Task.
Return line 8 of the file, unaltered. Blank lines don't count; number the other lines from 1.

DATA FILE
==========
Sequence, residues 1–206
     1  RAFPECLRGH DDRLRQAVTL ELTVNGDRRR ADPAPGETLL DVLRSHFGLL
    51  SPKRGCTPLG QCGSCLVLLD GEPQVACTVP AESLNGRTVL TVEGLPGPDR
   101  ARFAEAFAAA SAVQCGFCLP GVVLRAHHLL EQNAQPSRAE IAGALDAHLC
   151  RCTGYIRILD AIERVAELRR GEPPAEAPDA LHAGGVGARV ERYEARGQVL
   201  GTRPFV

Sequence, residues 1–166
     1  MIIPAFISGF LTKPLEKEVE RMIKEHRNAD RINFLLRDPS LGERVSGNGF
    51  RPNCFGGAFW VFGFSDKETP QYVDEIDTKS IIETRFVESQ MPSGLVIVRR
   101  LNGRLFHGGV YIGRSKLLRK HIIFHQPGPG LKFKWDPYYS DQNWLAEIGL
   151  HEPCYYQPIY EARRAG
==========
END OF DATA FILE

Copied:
     1  MIIPAFISGF LTKPLEKEVE RMIKEHRNAD RINFLLRDPS LGERVSGNGF